It is the rare profession that does not place a premium on an individual’s ability to communicate clearly, concisely, and with the tone appropriate to the circumstances. The difference between success and failure in many of life’s endeavors, whether professional or personal, can be an ability to communicate. Just an important is understanding spoken words or a written memo or letter is the importance of understanding nonverbal communication. People consciously and subconsciously communicate using facial expressions, hand gestures, leg movements, and spatial orientation. Depending upon one’s situation, the ability to “read” such gestures or movements and, as importantly, the ability to remain conscious of one’s own body language, can prove the difference between success or failure in any given endeavor involving interpersonal relationships.
In fact, cognizance of one’s own body language can be more important than a sensitivity to that of others. Poker players look for “tells” when sitting across from opponents at a card table. “Tells” are the little subconscious facial or hand movements many people make when under stress or in a heightened state of emotion. Once a skilled poker player determines that his opponent always scratches his chin when he has a good hand, the poker player knows not to bet big. He has exploited his understanding of nonverbal communication to achieve success. His opponent, however, probably has no idea that he habitually scratches his chin when he has a winning hand. The same principles apply in business, especially in sales, when a skilled salesperson recognizes particular hand gestures or facial movements as consistent with a particular mentality. Nonverbal communication can be used to deliberately convey to another party that what one is saying is pro forma and does not represent the individual’s real beliefs or intentions. Hand gestures can be used to emphasize the importance of a point one is making verbally. Crossed arms are often interpreted as a sign of defensiveness or rejection of what the other individual is saying. These are all examples of nonverbal communication, and the more one can interpret them, the less likely they are to experience a possibly egregious miscommunication.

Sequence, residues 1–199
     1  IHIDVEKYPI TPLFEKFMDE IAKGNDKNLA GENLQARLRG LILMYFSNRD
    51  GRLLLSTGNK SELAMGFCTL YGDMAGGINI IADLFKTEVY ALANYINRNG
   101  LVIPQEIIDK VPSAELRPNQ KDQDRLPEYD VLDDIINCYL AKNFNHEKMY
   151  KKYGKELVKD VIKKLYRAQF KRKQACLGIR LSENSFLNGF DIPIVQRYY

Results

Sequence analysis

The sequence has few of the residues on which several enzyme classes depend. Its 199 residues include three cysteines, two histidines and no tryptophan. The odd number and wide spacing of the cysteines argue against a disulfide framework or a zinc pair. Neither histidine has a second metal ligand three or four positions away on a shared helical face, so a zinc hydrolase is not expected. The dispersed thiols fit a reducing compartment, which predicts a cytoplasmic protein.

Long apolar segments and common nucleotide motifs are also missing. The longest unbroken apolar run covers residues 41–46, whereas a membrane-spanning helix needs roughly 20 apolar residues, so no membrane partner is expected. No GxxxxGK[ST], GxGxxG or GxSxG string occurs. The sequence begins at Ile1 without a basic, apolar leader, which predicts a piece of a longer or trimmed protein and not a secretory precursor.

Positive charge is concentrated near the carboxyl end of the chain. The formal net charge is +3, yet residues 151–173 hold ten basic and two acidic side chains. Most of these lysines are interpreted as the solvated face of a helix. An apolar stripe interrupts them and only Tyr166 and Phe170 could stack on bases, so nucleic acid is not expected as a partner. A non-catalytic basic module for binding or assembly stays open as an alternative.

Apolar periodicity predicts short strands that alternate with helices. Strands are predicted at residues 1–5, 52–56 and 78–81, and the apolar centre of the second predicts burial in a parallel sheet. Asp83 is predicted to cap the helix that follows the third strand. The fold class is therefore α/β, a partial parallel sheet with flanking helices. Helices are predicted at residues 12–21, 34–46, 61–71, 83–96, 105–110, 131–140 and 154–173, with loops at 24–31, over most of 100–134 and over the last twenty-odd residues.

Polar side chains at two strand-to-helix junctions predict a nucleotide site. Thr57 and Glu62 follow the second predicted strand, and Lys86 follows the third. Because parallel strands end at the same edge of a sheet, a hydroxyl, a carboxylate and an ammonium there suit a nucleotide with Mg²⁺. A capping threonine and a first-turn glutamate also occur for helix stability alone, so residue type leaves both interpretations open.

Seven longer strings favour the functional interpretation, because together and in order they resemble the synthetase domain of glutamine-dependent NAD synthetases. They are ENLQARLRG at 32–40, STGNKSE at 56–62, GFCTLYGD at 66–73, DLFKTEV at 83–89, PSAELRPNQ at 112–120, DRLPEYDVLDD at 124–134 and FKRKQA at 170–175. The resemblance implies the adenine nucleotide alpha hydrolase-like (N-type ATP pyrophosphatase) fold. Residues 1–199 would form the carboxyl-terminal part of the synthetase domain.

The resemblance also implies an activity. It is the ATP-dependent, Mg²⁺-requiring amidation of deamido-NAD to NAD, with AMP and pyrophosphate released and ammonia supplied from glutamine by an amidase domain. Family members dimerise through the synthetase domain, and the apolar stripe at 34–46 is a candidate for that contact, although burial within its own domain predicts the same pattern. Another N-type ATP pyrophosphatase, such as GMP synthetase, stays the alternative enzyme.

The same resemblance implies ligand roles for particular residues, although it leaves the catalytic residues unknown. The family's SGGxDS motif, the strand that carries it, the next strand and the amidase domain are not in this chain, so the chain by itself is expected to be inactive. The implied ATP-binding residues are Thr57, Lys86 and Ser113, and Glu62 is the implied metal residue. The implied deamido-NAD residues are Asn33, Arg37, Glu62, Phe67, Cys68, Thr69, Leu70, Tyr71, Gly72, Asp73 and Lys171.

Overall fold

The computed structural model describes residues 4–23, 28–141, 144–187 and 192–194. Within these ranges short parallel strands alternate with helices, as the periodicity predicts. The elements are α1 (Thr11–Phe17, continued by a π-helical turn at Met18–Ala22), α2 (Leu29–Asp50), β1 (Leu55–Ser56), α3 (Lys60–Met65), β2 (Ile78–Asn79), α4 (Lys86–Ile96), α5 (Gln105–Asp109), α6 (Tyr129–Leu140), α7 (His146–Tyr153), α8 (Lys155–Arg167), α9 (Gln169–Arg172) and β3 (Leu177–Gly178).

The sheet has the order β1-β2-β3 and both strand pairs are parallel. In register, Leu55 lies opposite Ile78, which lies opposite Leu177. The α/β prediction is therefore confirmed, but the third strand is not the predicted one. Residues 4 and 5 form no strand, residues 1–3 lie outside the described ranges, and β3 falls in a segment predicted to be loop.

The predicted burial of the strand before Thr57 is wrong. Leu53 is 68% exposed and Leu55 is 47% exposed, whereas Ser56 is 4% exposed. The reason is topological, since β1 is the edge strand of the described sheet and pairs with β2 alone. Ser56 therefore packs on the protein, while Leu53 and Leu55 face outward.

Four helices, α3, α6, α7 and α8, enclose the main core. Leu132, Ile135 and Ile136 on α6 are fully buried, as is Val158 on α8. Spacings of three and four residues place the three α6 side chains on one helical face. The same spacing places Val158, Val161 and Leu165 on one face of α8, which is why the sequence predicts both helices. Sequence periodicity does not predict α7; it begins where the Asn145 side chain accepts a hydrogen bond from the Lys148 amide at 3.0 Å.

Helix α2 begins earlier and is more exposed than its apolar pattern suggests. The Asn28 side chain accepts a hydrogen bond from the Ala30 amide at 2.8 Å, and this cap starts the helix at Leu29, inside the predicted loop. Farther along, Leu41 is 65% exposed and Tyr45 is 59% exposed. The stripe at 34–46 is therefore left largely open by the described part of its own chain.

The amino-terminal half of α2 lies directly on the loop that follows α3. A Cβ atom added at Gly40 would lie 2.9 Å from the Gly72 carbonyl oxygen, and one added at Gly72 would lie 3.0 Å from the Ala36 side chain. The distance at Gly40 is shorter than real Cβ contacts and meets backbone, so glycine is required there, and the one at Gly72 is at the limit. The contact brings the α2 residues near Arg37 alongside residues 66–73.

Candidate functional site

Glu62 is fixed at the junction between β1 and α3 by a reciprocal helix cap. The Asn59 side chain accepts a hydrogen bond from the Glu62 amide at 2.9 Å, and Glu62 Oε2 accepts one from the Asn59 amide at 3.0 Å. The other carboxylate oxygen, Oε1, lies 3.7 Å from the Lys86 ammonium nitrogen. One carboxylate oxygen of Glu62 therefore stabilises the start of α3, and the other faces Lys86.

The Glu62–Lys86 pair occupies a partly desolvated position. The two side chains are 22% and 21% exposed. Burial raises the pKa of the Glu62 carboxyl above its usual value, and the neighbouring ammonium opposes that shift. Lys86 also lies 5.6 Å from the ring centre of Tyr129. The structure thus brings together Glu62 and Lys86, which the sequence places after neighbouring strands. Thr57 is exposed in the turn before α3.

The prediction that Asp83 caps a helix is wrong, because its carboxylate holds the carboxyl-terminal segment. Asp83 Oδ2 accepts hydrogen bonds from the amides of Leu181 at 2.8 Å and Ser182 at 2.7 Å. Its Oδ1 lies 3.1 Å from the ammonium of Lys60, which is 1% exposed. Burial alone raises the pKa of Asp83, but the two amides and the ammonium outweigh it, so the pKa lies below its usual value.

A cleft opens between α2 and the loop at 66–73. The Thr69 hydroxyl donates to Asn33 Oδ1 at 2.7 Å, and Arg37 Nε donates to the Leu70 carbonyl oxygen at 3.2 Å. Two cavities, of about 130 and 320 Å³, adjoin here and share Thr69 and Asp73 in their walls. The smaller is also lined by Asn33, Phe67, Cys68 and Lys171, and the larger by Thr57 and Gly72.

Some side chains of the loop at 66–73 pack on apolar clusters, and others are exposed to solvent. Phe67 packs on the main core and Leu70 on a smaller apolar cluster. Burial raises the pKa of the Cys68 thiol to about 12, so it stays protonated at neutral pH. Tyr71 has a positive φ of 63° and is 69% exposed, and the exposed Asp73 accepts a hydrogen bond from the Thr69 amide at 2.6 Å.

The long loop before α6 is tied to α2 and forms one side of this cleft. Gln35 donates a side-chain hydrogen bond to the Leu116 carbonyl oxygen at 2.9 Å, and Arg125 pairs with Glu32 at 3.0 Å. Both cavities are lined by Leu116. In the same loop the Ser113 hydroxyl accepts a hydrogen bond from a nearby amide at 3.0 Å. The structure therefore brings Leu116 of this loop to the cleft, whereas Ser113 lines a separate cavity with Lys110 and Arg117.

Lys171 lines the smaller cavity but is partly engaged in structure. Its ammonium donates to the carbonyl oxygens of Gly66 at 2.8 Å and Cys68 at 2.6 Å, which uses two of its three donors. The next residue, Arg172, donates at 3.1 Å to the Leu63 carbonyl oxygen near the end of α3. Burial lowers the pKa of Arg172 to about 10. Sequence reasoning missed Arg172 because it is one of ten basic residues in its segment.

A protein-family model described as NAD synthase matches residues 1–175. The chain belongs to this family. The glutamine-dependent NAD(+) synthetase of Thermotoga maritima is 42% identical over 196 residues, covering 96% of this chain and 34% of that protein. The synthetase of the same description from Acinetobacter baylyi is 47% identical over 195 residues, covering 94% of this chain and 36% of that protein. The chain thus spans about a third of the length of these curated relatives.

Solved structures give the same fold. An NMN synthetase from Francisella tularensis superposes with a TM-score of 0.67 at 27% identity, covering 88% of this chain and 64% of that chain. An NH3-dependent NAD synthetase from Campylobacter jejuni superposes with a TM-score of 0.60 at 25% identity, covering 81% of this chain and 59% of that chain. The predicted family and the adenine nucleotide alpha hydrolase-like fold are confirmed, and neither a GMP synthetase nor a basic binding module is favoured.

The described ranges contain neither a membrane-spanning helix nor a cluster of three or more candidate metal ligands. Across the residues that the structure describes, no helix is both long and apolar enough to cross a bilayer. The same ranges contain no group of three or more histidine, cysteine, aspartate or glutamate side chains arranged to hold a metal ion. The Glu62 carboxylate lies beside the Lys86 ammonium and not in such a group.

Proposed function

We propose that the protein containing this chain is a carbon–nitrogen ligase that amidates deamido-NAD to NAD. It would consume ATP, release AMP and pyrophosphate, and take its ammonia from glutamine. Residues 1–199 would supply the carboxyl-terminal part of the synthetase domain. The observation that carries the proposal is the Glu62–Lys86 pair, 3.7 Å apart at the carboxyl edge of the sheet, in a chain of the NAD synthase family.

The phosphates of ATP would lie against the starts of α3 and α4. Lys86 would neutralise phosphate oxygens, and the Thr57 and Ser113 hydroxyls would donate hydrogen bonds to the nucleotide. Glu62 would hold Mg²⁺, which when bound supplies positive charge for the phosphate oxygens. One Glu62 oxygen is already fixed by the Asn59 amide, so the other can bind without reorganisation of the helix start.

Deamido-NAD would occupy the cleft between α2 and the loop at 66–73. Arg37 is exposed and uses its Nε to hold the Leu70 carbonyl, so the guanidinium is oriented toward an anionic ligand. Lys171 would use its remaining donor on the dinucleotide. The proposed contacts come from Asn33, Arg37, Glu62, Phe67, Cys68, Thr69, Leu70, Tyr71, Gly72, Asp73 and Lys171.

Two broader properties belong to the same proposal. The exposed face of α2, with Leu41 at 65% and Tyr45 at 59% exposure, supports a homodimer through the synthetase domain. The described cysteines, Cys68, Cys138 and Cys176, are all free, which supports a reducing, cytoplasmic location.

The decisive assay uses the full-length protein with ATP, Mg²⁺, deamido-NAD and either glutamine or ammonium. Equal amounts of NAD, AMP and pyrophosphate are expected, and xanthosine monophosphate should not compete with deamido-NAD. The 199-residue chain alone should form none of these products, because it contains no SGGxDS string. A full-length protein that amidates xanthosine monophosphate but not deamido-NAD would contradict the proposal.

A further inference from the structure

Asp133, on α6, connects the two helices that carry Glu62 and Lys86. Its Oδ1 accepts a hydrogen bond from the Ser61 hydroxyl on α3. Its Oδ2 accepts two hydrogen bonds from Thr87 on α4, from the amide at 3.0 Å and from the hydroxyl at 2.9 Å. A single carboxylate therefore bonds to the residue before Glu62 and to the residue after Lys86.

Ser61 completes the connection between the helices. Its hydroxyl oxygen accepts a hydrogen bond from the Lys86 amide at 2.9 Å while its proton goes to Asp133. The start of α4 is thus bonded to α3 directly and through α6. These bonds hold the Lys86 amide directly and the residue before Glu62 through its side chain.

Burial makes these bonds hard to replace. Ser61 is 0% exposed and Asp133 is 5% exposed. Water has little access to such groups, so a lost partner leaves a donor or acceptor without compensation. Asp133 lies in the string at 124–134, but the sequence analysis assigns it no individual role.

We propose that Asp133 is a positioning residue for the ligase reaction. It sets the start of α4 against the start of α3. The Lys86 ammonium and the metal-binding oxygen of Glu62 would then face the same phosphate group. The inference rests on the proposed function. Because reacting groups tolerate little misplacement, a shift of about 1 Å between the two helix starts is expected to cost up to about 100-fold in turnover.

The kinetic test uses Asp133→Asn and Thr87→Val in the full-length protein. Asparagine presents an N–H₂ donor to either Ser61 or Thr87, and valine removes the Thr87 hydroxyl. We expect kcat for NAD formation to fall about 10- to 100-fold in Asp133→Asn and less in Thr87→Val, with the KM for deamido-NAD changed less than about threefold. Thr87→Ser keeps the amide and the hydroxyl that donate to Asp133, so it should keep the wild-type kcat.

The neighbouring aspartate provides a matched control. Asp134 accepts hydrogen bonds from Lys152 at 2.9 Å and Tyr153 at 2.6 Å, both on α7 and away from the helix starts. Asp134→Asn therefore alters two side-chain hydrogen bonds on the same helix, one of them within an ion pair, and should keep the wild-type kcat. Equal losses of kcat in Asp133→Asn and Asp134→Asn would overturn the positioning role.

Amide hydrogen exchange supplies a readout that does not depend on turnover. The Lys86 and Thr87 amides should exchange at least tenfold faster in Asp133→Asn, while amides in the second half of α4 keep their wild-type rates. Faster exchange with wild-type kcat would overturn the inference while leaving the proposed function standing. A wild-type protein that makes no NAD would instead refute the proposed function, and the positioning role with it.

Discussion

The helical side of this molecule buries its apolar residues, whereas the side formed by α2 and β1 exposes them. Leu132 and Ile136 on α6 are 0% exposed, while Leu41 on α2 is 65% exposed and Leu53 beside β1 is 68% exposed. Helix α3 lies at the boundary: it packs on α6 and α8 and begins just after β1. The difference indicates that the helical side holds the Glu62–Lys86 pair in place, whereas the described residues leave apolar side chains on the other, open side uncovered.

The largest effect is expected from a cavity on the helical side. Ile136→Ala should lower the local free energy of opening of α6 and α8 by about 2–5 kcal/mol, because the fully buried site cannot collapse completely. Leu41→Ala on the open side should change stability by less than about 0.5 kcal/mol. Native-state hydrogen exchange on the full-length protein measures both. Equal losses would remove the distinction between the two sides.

In any business or personal relationship, nonverbal communication can be as important as oral or written forms of communication. In fact, it can be more important.